1. Maximum Nostalgia: 6 month unlocks until Gates of Discord; 3 months afterward. This ruleset would take six and a half years to reach where live servers are now.
    1. Kunark: 6 months
    2. Velious: 6 months
    3. Luclin: 6 months
    4. Planes of Power: 6 months
      1. Legacy of Ykesha: 2 weeks after PoP
      2. LDoN: 4 weeks after PoP
    5. Gates: 6 months (after PoP)
    6. Omens and later: 3 months

That’s not bad! Several years of EverQuest? Yep, I’m okay with that. They’re also talking about whether or not voting would be implemented or if the expansions would simply unlock at the predetermined time. I hope voting comes into play so that we can delay PoP.

A few of us in our forum community are already planning to start a group on the server. Let’s hope they keep moving at this pace.


Out with the Old, In with the New?

Posts here tend to reflect back on older games, our love for them, our memories, what worked and didn’t, the evolution of MMO design, etc. As a result, we often see a theme in the comments section:

“X game would never work if released today. If X game were released today it would fail. People don’t want X game.”

Those saying these things are correct, but not for the reasons they think. It’s like anything old vs. anything new. People want and gravitate toward the newer thing. The market changes as people’s tastes change. What we want and think is heavily influenced by the here and now of our culture. But don’t lose sight of why something worked in the past.

An old PDA if released today would fail. Why? Because people want the iPad. Does that make what the old PDA did bad, or undesirable? No. People still want a touch device, an organizer, something that can make phone calls, store contacts, take notes, play games, etc. People still want the same things, but they want them ‘sexier’. The limits of what we desire today have expanded. There’s no reason why new games can’t do what those games did while taking into consideration the proper expanded desires of today’s market.

I think Apple has done a nice job proving this point.

iphone evolution

‘The original iPhone would never work if released today. If the original iPhone were released today it would fail. People don’t want the original iPhone.’ That doesn’t mean we disregard everything from the original iPhone. We take what worked and we adapt it for what the market demands. The market demands bigger? Give them bigger! The market demands faster, more color options, higher resolutions? Give it to them! But the core concept and design of the iPhone — from the user experience down to the very core of what the iPhone does — remains consistent and can not change or else the iPhone ceases to be the iPhone, and would fail.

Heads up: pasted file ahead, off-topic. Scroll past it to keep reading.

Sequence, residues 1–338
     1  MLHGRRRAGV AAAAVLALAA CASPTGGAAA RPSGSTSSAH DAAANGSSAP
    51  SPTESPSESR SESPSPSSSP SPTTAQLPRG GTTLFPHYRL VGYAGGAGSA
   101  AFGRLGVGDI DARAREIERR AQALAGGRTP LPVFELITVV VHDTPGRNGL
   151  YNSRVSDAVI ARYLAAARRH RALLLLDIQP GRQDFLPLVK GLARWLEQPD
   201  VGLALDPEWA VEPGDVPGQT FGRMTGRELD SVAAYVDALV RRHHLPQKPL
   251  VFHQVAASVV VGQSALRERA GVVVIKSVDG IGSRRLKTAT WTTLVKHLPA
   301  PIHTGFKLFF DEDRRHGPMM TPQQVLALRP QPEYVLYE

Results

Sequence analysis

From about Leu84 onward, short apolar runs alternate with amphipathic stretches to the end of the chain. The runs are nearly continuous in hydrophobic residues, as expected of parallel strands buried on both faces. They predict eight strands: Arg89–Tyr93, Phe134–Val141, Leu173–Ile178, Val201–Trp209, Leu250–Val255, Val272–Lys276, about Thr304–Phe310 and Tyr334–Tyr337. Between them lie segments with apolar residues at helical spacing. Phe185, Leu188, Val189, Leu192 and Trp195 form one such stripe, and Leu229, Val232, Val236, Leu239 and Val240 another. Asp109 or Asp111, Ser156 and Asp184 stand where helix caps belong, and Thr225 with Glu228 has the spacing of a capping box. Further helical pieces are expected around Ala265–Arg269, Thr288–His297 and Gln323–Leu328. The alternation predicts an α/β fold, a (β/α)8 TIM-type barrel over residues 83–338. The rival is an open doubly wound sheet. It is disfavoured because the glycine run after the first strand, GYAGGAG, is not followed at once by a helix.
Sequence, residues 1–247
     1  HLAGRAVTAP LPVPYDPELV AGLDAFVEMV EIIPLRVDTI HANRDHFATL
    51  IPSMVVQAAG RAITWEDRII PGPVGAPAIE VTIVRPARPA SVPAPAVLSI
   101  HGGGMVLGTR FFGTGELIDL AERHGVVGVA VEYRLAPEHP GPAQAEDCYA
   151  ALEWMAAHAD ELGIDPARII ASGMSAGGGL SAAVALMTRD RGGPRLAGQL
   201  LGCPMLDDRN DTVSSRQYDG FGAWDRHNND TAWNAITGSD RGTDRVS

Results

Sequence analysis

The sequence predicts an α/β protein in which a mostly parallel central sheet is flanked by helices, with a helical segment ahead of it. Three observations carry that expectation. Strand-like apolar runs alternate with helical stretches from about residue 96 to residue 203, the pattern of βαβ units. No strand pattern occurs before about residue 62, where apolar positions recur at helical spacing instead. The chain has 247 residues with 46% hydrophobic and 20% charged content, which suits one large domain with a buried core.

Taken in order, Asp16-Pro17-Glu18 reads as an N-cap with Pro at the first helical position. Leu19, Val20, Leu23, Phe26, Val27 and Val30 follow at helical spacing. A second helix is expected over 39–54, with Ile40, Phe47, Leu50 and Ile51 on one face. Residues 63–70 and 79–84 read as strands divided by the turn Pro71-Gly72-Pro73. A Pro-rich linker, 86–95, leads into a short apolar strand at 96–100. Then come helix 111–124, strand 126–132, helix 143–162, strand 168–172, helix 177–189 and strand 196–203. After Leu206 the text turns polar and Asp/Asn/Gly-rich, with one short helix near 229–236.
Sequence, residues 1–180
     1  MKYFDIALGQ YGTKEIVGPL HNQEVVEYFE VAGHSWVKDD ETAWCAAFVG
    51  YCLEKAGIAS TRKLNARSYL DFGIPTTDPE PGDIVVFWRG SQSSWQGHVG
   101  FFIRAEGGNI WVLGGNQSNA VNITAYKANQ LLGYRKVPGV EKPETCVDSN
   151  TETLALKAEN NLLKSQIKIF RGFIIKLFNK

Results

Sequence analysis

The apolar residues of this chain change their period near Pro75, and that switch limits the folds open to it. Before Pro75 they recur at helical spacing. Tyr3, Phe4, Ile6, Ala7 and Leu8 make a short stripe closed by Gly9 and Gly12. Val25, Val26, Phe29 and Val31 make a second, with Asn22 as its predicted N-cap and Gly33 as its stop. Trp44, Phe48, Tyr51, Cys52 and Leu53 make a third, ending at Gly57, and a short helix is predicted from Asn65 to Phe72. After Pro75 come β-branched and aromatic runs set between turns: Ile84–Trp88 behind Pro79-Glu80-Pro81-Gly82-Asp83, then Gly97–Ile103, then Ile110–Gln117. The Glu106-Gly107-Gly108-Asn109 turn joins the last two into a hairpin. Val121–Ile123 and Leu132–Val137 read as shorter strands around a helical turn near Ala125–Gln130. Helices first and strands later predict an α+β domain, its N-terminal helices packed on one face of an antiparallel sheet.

So when I see people saying that a game like EverQuest, DAoC, or SWG wouldn’t work today, I’d like to see proof that someone has really tried. Release a sexier version of DAoC, EverQuest, or even SWG (maybe The Repopulation?) and let’s see if it simply wouldn’t work. My honest belief is that it would work, just like it already did, and it work a heck of a lot better than the games releasing today with models that are supposedly ‘what the market demands.’


You’ve ruined your own lands! You’ll not ruin mine!

EverQuest Ruins of Kunark Art

My hopes for a fast-moving Daybreak Games Company (DGC) might actually not be completely insane. My last entry was Daybreak alluding to a new progression-based EverQuest server. Throughout the post and comments I have maintained the position that Daybreak needs to move quickly to show the community that they care about the EQ franchise, they care what players want, and that they aren’t stuck in a rut after layoffs — in other words, they can actually still make games.

Last night a forum post went up on the official forums explaining potential rulesets which are up for vote on the live servers (which I do not have access to since I am not currently a subscriber). Since I can’t actually vote in-game, I’m going to vote here and explain why.

1. Existing rules:

  • Server starts with only the original EverQuest zones active. Players start at level 1.
  • When players kill a set of predefined targets, a two-month countdown timer starts. There is a three-month timer before Kunark and Velious can unlock.
  • When the timer is complete, a two-week vote starts that will enable the next expansion. If the majority chooses ‘yes,’ the expansion unlocks at the end of the voting period. If the majority chooses ‘no,’ a new vote begins immediately.
  • This progression can continue until the server is no longer able to defeat raid targets or until it catches up with live servers.

This is Fippy, the current server’s ruleset. Meh. I don’t like the voting.  I think players can actually crank this out quickly and progress this kind of server at lightning speed.

2. Slower progression

  • Server starts with only the original EverQuest zones active. Players start at level 1.
  • When players kill a set of predefined targets, a three-plus month countdown timer starts. When the timer is complete, a two-week vote starts. If the majority chooses ‘yes,’ the expansion unlocks at the end of the voting period. If the majority chooses ‘no,’ a new vote begins immediately.
  • This progression can continue until the server is no longer able to defeat raid targets or until it catches up with live servers.